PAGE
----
JOHN JEFFREY may have left his role as Chairman of Scottish Rugby Limited in a hurry back in April, but the 1990 Grand Slam hero did not hold back this [Monday] morning when given an opportunity to demonstrate his enduring passion for the team he represented with distinction 40 times between his debut in 1984 and his final match seven years later.
He was ostensibly speaking at function on the front lawn of the opulent Musée Masséna in the heart of Nice as a representative of World Rugby – his rushed Murrayfield departure was to allow him to concentrate on his new role as Vice Chair of the global governing post – but the 64-year-old did not even attempt a pretence at neutrality.
“At this stage I’ll take my World Rugby hat off, if I’m allowed to, and say a few words to the team,” he said, during the official welcoming of the team to their World Cup host city. “What you’ve done over the last two years has been fantastic. You’ve embraced everything that is great about our heritage, about Scotland. The way you play your game is exciting, it’s attractive and it’s also successful.
“You’ve taken the support to a different level. The country is behind you, former players are behind you, the likes of which I’ve never ever seen before.
“Not only do players and fans in Scotland support you, but fans round the world do. When you go to Sevens tournaments, Fiji are always everybody’s second favourite team. At fifteens now Scotland are that, purely and simply because of the brand of rugby they play.
“So, congratulations for what you’ve done on the pitch and off the pitch, you’ve set the benchmark.
“I know, because I’ve been there myself and failed [Jeffrey was in the Scotland sides which reached the quarter-final of 1987 World Cup and semi-final of the 1991 tournament], and I’ve spoken to former players, and this is without doubt the best ever Scotland team to take the field.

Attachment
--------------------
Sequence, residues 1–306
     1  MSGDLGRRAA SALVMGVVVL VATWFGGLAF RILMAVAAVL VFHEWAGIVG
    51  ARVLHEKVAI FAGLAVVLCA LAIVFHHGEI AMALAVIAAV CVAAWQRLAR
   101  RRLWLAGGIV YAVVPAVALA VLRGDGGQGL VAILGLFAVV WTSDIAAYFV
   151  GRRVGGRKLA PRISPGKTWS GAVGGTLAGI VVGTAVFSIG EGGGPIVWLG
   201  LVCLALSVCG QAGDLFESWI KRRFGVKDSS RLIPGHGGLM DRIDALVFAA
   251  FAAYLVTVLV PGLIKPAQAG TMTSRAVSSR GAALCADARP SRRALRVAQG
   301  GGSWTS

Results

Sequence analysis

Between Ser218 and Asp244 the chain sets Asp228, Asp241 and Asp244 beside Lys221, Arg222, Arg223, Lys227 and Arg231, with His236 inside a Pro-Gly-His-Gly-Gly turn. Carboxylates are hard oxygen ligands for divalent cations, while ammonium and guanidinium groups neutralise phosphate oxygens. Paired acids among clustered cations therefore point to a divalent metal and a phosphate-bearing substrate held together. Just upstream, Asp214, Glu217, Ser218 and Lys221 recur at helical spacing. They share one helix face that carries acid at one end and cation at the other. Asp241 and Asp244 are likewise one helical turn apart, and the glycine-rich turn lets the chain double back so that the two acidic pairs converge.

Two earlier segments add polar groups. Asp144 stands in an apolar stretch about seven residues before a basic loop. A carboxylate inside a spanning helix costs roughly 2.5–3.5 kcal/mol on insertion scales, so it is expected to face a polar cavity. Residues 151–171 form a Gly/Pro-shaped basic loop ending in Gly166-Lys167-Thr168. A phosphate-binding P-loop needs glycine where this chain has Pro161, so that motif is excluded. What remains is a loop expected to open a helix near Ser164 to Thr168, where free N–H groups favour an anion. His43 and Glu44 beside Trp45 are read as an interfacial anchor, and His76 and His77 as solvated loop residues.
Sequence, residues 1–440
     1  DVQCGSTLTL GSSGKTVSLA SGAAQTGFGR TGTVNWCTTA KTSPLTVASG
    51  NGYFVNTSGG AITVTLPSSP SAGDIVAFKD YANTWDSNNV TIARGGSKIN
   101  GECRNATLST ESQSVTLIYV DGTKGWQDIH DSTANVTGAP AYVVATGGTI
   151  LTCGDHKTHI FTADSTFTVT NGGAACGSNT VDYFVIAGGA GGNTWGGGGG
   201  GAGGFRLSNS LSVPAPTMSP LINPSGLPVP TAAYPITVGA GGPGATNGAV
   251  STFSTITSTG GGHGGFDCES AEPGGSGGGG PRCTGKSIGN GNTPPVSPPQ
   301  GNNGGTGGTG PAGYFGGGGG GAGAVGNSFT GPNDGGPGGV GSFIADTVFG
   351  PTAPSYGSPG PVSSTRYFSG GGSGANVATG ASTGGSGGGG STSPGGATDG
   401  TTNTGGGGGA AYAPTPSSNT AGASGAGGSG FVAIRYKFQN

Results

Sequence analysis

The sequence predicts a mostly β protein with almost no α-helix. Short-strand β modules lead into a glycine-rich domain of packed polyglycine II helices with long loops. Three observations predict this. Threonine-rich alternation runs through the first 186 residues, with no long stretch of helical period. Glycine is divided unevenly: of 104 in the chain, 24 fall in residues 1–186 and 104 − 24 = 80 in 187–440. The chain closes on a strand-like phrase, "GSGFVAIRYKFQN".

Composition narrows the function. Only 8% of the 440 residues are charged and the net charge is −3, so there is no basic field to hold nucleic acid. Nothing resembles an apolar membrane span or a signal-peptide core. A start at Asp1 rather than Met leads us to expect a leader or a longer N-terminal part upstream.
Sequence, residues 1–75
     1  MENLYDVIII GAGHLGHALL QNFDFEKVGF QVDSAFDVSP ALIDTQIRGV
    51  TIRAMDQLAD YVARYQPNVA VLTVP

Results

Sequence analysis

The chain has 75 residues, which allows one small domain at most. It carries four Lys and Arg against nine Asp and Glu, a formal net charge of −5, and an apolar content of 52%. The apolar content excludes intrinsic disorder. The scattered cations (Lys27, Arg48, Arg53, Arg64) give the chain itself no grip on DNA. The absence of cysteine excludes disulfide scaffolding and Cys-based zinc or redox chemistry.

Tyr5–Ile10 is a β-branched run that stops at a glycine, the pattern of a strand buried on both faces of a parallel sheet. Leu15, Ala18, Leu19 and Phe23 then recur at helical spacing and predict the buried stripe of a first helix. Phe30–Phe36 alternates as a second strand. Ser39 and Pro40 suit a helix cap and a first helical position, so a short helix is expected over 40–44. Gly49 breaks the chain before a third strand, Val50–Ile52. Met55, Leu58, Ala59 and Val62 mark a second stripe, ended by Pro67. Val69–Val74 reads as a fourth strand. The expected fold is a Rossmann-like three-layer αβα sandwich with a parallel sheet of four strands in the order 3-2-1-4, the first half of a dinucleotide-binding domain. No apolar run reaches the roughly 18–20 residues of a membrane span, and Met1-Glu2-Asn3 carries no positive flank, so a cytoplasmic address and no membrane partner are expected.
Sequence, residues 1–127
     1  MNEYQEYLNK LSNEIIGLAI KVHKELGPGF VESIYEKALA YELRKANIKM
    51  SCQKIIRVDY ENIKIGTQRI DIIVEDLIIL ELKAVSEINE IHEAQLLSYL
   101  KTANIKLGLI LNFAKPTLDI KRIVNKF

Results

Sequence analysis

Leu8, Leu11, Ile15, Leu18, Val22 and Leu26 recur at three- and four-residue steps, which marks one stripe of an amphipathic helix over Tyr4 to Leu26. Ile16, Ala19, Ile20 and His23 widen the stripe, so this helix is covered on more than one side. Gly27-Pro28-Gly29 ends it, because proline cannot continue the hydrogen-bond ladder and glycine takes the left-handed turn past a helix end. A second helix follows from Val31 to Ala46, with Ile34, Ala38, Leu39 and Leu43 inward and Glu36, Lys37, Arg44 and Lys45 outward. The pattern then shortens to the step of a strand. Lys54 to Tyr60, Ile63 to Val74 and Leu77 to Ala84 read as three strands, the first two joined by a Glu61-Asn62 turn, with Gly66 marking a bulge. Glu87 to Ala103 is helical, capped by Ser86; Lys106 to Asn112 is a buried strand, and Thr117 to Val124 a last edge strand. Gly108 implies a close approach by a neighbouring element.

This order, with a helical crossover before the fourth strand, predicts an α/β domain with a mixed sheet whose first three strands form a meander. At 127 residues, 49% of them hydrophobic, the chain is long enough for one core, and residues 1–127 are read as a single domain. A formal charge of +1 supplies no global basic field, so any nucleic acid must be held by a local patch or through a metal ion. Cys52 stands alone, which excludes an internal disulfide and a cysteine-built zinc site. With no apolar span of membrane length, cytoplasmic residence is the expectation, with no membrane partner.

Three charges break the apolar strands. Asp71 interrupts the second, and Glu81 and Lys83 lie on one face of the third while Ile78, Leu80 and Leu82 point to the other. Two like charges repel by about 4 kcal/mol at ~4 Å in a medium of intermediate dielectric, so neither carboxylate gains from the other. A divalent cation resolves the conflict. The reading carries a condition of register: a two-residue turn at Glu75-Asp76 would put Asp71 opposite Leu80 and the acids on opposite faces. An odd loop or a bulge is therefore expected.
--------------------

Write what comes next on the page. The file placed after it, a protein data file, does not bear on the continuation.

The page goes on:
“So, all I would say to you is: ‘You are always remembered in history by your records’. Make sure, as the best ever rugby team to represent Scotland, you set the record books right over the next four weeks.”
Scotland face an almighty challenge if they are to avoid becoming the third Scotland team to head home at the end of the pool stage in the last four World Cup tournaments, having been drawn in a pool alongside behemoths South Africa (reigning champions and currently ranked second in the world) and Ireland (first in the world).
There is a strong case to support the contention that Jeffrey’s own era was the high-water mark for the Scotland national team given that they won a Grand Slam in 1990 and then reached the last four of the World Cup a year later, but the man himself – perhaps giddy from the sea air on the French Riviera – stuck to his guns with the bold claim that the current crop is the best generation the country has ever produced.
“We are not winning Six Nations championships but when you speak to Gregor Townsend [Scotland’s head coach] and see the way he is trying to develop the team, he has always said he has been trying to develop the team so when we get to this stage we will be in our best nick and I believe him,” Jeffrey continued. “When you look at the players and what they can achieve then why not?”
“You can’t compare teams. Look at the draw we had [in 1991]. We all sat down and looked at it the night before the World Cup and we thought if we didn’t get to the semi-finals it would have been a failure.. and we did but we messed up.
“It was a regret. We did not play well at all that day and got off to a really bad start, but we had such an easy draw. Compare that to the draw this team has got. It is not comparable.
“But, of course they can qualify [for the knock-out stages this time despite being down in a pool containing the top two naked teams in the world], absolutely.
“If you ask me, when do you want to play South Africa? I would say first up. Okay, you are not going to catch them cold after what they did to the All Blacks, but the jeopardy of playing them last is … one of us is in, one of us is out. Playing them first-up, we do get a second chance.
“It is a big ask but we have beaten them before. The question then is can we beat Ireland? Gregor always tells me he has this game-plan to beat them and I believe him, I’ve got to believe him.
“Look at our forwards now,” he added. “We have big ball carriers in there and they always say in rugby you have to earn the right to go wide so we can’t put it out to Darcy Graham or Duhan van der Merwe straight away. You have to tie them in, and we have the game plan to do that, absolutely. And we have the skills to do that. And after that you are into a knock-out stage.”